(A) a period of public notice and comment of at least 30 days before issuance of a final guidance document, and a public response from the agency to major concerns raised in comments, except when the agency for good cause finds (and incorporates such finding and a brief statement of reasons therefor into the guidance document) that notice and public comment thereon are impracticable, unnecessary, or contrary to the public interest;

(B) approval on a non-delegable basis by the agency head or by an agency component head appointed by the President, before issuance;

(C) review by the Office of Information and Regulatory Affairs (OIRA) under Executive Order 12866, before issuance; and

(D) compliance with the applicable requirements for regulations or rules, including significant regulatory actions, set forth in Executive Orders 12866, 13563 (Improving Regulation and Regulatory Review), 13609 (Promoting International Regulatory Cooperation), 13771 (Reducing Regulation and Controlling Regulatory Costs), and 13777 (Enforcing the Regulatory Reform Agenda).

(b) The Administrator shall issue memoranda establishing exceptions from this order for categories of guidance documents, and categorical presumptions regarding whether guidance documents are significant, as appropriate, and may require submission of significant guidance documents to OIRA for review before the finalization of agency regulations under subsection (a) of this section. In light of the Memorandum of Agreement of April 11, 2018, this section and section 5 of this order shall not apply to the review relationship (including significance determinations) between OIRA and any component of the Department of the Treasury, or to compliance by the latter with Executive Orders 12866, 13563, 13609, 13771, and 13777. Section 4(a)(iii) and section 5 of this order shall not apply to pre-enforcement rulings.

Sec. 5. Executive Orders 12866, 13563, and 13609. The requirements and procedures of Executive Orders 12866, 13563, and 13609 shall apply to guidance documents, consistent with section 4 of this order.

Sec. 6. Implementation. The Director shall issue memoranda and, as appropriate, regulations pursuant to sections 3504(d)(1) and 3516 of title 44, United States Code, and other appropriate authority, to provide guidance regarding or otherwise implement this order.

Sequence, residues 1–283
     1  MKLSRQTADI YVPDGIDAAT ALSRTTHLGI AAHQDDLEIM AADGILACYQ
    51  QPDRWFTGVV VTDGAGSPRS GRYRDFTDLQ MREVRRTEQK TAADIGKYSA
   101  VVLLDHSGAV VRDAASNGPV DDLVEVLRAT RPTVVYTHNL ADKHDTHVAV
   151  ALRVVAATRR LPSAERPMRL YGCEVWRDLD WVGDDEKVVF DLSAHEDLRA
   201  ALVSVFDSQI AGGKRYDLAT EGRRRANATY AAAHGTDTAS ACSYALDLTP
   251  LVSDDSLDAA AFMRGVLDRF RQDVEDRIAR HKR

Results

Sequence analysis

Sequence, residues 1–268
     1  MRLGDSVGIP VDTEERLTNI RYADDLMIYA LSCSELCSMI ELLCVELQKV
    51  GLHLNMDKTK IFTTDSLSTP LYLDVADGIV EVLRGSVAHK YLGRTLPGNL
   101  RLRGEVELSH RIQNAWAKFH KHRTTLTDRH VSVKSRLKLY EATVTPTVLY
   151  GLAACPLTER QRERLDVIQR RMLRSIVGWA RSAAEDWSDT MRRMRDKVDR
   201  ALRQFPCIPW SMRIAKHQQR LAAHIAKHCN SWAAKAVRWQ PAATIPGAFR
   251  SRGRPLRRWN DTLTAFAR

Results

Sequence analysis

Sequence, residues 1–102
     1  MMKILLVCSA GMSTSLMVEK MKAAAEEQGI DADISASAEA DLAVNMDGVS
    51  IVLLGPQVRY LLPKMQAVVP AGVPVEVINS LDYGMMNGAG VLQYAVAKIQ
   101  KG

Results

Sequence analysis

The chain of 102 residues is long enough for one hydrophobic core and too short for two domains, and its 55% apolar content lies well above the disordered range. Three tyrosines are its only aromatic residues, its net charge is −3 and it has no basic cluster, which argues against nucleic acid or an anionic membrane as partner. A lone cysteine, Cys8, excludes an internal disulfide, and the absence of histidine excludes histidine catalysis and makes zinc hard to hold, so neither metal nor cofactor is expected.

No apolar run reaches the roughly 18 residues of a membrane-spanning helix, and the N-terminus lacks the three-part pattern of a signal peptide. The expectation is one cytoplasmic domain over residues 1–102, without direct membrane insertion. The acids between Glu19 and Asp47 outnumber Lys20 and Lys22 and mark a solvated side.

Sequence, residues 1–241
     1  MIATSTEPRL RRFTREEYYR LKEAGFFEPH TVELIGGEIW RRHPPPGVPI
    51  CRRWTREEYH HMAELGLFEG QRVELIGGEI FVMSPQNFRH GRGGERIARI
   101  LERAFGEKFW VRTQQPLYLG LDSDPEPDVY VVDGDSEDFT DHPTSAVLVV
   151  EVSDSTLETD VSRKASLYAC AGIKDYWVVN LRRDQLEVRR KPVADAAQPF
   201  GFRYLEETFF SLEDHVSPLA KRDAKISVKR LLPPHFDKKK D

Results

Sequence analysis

Sec. 7. General Provisions.

(a) Nothing in this order shall be construed to impair or otherwise affect:

(i) the authority granted by law to an executive department or agency, or the head thereof; or

(ii) the functions of the Director of the Office of Management and Budget relating to budgetary, administrative, or legislative proposals.

(b) This order shall be implemented consistent with applicable law and subject to the availability of appropriations.

(c) This order is not intended to, and does not, create any right or benefit, substantive or procedural, enforceable at law or in equity by any party against the United States, its departments, agencies, or entities, its officers, employees, or agents, or any other person.

(d) Notwithstanding any other provision in this order, nothing in this order shall apply:

(i) to any action that pertains to foreign or military affairs, or to a national security or homeland security function of the United States (other than guidance documents involving procurement or the import or export of non-defense articles and services);

(ii) to any action related to a criminal investigation or prosecution, including undercover operations, or any civil enforcement action or related investigation by the Department of Justice, including any action related to a civil investigative demand under 18 U.S.C. 1968;

(iii) to any investigation of misconduct by an agency employee or any disciplinary, corrective, or employment action taken against an agency employee;

(iv) to any document or information that is exempt from disclosure under section 552(b) of title 5, United States Code (commonly known as the Freedom of Information Act); or

(v) in any other circumstance or proceeding to which application of this order, or any part of this order, would, in the judgment of the head of the agency, undermine the national security.



October 9, 2019.